Casey Anthony is not quite a free woman.
She will be on July 17.
Anthony, in jail since 2008, will walk out of the Orange County Jail next week after being sentenced Thursday to four years — but given credit for time served and good behavior.
The debt to society remains. Up ahead: a big fine and a bill from police to cover the costs of searching for a presumably missing toddler. That could take a few weeks to figure out.
Thursday morning’s sentencing brings to an end, at least in court, of a case that has been the talk of talking heads for three years.
On the streets outside the Orlando courthouse, a crowd wasn’t ready to close the case.
Where protesters had been camped since before sunrise, Amber Block shook her head in disgust. The recent graduate of cosmetology scored tickets to the sentencing hearing, the ninth time she had made it into the courthouse during the six-week trial.
"This is absurd," said Block, 23, of Orlando. "This makes me sick. That little girl is dead and her mother has her whole life to live." Acquitted of the major charges against her in the death of her doe-eyed daughter, Caylee, Anthony faced some more time behind bars after she was convicted of four misdemeanors of lying to investigators.
Mary Stratton, an Altamonte Springs schoolteacher, was among the last protesters in front of the courthouse Thursday afternoon. With her 5-year-old daughter in tow, Stratton held a poster that read: Mommy why did you kill me.
"She got away with murder and I am sure most of the mommies would agree,” Stratton said.
In addition to the sentence, credited and reduced just a few hours later, Judge Belvin Perry Jr. hit her in the pocketbook, with a $1,000 fine for each of the four misdemeanor charges for which she was found guilty.
Beyond having to pay, what’s next for Casey Anthony when she leaves jail? Book deal? Made-for-TV movie? A new life in a new place? More partying?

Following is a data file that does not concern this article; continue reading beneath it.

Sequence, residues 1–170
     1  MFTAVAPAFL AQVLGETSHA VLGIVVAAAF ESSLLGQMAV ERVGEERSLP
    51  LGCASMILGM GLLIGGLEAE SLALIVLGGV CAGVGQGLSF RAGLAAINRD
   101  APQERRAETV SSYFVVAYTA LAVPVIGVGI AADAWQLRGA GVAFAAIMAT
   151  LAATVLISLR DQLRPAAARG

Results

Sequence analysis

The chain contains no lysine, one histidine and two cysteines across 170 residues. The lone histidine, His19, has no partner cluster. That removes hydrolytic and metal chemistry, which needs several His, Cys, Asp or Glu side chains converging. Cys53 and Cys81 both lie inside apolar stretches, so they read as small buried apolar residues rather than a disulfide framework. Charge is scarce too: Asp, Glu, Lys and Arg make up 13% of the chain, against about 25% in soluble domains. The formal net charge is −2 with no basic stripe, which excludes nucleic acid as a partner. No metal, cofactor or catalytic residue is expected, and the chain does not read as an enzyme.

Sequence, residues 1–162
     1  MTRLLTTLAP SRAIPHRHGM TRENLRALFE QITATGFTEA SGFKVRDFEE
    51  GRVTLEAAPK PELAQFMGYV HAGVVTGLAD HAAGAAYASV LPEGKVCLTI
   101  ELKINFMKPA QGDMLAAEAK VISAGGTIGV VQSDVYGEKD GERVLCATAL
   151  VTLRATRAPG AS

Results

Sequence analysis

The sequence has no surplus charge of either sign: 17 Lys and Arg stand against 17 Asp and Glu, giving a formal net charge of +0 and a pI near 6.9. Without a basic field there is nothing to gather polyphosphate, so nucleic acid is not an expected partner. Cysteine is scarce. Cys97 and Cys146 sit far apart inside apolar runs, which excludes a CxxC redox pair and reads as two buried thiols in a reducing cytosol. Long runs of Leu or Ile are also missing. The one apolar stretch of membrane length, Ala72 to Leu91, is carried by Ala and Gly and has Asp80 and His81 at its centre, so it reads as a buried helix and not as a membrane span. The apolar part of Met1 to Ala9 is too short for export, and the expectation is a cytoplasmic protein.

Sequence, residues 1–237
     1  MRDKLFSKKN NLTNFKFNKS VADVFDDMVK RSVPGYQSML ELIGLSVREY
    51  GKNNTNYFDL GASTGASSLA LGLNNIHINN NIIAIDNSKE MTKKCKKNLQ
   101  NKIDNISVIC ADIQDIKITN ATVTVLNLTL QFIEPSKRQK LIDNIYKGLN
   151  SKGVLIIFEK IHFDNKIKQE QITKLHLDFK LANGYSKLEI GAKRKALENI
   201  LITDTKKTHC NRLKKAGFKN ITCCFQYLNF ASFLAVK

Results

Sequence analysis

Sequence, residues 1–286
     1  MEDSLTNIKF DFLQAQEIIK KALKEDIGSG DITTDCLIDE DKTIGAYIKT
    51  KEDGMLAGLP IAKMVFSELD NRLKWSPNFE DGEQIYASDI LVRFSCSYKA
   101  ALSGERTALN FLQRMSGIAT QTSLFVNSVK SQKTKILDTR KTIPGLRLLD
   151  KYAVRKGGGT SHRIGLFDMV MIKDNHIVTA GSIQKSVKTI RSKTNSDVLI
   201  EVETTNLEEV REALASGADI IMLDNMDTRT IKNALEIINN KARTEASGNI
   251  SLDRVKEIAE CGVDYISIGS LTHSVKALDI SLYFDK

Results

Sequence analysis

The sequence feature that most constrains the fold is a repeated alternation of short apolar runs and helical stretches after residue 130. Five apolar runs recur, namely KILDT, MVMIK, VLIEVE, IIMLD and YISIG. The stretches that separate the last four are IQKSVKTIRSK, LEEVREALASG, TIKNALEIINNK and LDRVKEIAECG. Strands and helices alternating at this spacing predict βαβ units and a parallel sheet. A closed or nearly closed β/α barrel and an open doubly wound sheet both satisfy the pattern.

Only she knows for sure.
But on Thursday morning, she was an inmate awaiting her fate.
A few minutes after 9:30 a.m., in the same Orlando courtroom where she was put on trial for Caylee’s death, Anthony listened as the judge heard from the lawyers on both sides and considered the sentencing.
His verdict: “I will sentence you to one year in the county jail” for each of four misdemeanor counts against her — four years total.
After the judge figured in credit for time served and good behavior, she will walk out of jail after having served 1,002 days.
That calculation was announced just after at 11:30 a.m. Thursday by a court spokeswoman. Anthony, 25, received credit for 1,043 days, the official said.
Although a jury ruled that Anthony was not guilty of the major charges against her, she was convicted of four lesser charges of lying to investigators. That was the reason why she was back in court Thursday morning — hair down, dressed in blue sweater with Tommy Hilfiger emblem on the sleeve — to face her punishment.
The judge might also charge her for the costs of police who spent time looking for the toddler when she was reported missing. Lawyers, investigators and the judge will figure out the bill.